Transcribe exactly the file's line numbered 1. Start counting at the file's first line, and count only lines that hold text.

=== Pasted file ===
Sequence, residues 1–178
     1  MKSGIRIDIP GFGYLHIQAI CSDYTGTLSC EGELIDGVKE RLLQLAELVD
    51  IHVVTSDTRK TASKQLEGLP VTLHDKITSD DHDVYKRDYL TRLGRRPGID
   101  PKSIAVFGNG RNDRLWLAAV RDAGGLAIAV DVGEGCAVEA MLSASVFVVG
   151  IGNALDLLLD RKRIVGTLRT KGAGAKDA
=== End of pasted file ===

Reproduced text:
Sequence, residues 1–178